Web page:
Chance the Rapper made history by landing at No. 8 on Billboard's Top Albums chart this week with a mixtape. Coloring Book is the first project to land that high on the charts solely from streaming. Now, the Chicago rapper has decided to celebrate with an interview with Zane Lowe today at 6pm BST/1pm EST on Beats 1. Here's what you can expect from their conversation.

On working with Kanye: "Ye says pull out the MPC. They bring out the MPC almost like in the gold suitcase in Pulp Fiction. He records drums in a way I’ve never seen before he does everything live off the MPC. As it plays now the drums aren’t mixed separately, all the kicks all the hi hat are the same level. He does it literally in one take from top to bottom he just stands there and goes through it and plays all the drums that you hear on the track as you hear now. Less than five seconds after he does that one take through he goes through and freestyles over it."

On record labels: "I don’t agree with the way labels are set up. I don't agree that anybody should sign 360 deals or sign away their publishing or take most of the infrastructure that’s included in a formal deal. But I've learned to not be like fuck this company, fuck that company, even though a lot of those people tried to make it really hard for me to release my projects."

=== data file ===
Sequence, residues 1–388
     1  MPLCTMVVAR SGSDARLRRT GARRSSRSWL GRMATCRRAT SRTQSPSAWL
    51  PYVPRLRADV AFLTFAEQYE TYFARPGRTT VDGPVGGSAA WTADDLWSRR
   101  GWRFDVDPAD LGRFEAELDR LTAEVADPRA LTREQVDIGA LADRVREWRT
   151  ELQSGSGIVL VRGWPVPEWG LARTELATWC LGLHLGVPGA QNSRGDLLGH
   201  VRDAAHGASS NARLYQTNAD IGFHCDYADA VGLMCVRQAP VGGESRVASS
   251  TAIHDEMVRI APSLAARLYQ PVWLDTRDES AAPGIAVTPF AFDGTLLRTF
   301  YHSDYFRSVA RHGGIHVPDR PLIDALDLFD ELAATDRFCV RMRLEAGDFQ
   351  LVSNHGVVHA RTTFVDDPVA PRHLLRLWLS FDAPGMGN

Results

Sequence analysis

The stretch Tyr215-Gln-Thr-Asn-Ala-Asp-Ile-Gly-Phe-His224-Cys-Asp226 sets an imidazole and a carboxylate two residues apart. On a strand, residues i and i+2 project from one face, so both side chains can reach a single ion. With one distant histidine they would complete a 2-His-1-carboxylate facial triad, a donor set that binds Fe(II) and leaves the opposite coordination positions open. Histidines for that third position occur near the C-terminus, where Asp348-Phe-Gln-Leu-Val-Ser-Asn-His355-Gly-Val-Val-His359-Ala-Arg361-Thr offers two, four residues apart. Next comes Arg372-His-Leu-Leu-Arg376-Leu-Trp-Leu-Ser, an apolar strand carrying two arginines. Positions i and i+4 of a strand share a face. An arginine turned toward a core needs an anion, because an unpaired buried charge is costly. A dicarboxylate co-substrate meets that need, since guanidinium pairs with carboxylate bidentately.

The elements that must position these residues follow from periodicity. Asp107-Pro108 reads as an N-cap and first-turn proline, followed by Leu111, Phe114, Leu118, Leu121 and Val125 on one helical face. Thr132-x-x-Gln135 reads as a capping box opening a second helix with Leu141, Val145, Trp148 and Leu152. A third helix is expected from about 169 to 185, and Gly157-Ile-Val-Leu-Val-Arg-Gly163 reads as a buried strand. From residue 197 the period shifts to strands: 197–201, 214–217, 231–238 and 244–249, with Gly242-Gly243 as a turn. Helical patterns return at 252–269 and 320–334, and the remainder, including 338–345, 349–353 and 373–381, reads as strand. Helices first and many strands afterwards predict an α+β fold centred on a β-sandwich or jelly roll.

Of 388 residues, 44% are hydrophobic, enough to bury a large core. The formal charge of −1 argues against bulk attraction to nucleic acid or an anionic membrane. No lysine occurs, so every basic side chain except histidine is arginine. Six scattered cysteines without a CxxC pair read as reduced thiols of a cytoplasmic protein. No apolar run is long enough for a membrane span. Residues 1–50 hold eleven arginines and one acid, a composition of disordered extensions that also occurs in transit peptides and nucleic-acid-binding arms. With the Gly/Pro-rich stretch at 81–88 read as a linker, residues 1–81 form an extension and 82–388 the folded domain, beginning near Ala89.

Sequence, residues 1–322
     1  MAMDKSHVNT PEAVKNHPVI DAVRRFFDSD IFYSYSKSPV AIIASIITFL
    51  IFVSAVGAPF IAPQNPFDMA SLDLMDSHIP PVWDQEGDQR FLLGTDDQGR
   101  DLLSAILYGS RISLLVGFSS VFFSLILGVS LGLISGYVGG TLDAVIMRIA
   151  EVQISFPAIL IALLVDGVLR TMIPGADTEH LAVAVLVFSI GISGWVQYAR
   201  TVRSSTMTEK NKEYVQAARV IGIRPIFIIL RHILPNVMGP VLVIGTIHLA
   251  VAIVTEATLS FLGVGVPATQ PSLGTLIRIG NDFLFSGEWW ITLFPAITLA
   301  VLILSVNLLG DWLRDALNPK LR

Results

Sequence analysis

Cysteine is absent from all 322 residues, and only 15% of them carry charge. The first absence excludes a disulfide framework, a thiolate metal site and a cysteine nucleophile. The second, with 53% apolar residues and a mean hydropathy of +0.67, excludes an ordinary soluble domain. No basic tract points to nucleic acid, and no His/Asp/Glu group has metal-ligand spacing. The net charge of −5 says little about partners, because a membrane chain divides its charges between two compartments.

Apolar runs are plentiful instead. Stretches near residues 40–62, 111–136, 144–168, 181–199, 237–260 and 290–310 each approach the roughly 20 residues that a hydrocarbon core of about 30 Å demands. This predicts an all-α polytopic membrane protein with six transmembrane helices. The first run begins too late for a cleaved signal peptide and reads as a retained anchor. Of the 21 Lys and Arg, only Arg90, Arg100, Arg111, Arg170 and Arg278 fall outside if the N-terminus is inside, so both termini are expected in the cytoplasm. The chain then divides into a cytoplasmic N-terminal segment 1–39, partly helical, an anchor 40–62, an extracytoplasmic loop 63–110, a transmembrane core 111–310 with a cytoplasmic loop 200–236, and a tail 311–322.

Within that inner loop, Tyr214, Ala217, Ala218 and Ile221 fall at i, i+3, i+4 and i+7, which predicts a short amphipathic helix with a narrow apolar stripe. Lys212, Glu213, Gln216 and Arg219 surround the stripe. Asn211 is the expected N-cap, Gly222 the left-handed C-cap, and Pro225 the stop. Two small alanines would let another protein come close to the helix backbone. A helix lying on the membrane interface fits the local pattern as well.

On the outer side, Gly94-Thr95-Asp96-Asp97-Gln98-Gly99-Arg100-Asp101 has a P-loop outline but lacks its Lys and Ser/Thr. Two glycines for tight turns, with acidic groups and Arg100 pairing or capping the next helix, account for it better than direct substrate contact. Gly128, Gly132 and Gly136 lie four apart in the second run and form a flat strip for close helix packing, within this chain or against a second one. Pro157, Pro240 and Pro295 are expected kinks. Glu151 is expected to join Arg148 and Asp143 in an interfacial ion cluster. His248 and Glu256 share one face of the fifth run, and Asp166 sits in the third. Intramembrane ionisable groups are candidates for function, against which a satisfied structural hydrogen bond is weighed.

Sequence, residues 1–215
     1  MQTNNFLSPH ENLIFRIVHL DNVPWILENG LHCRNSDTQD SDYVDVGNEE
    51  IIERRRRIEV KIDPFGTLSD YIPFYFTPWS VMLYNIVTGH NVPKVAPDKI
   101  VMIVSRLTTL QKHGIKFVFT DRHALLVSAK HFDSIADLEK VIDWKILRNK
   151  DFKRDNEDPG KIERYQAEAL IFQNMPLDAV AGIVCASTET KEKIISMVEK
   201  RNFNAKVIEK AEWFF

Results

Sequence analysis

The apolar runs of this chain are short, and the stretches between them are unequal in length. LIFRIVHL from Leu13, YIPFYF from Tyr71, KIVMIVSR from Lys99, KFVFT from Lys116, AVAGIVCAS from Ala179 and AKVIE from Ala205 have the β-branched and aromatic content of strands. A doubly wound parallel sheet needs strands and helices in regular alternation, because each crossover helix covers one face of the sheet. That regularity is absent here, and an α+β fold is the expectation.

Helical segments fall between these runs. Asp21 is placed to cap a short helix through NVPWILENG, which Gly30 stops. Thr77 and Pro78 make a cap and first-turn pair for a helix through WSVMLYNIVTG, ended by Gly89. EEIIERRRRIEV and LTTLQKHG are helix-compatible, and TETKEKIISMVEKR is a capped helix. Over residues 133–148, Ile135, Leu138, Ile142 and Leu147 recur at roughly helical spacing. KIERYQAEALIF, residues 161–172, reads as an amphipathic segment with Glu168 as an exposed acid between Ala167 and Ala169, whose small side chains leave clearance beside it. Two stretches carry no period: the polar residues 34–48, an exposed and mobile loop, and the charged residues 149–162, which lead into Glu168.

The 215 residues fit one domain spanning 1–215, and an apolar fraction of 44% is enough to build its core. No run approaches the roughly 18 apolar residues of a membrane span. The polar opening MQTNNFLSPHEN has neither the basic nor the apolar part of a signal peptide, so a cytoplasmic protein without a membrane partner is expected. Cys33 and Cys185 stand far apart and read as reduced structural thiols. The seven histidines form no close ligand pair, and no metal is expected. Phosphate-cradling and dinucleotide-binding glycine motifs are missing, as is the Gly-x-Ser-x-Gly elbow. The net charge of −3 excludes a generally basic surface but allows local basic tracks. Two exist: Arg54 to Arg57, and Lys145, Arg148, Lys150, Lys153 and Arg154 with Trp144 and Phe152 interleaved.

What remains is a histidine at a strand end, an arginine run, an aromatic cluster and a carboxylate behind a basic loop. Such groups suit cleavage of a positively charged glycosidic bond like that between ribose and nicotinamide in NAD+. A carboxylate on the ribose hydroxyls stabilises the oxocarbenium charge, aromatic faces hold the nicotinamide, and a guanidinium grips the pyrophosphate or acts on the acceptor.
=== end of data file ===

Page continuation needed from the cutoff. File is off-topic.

On selling music: "I think a big part of it is we are at such a crucial time in terns of music. The charts are already changing they’re including streaming. I still don’t necessarily agree with how they - it’s something like every thousand streams is a sale or something. I don't know - I don’t really care about that but at least they’re making that move and I think the Grammys started making the move I think about a year ago they started voting on it - I don’t know because I’m not on the Grammy board anymore."

On music in Chicago: "I think one, its a very cultured place. Chicago is a big city but it’s in the middle of Illinois and all of the suburban areas around us kind of create this wall of inclusive sound and s**t. And on top of that we’ve never had a music industry. I think because there was no industry or big labels posted there it gave everybody a lot of air to make what the f**k they wanted to make and bred a lot of awesome talent across all genres."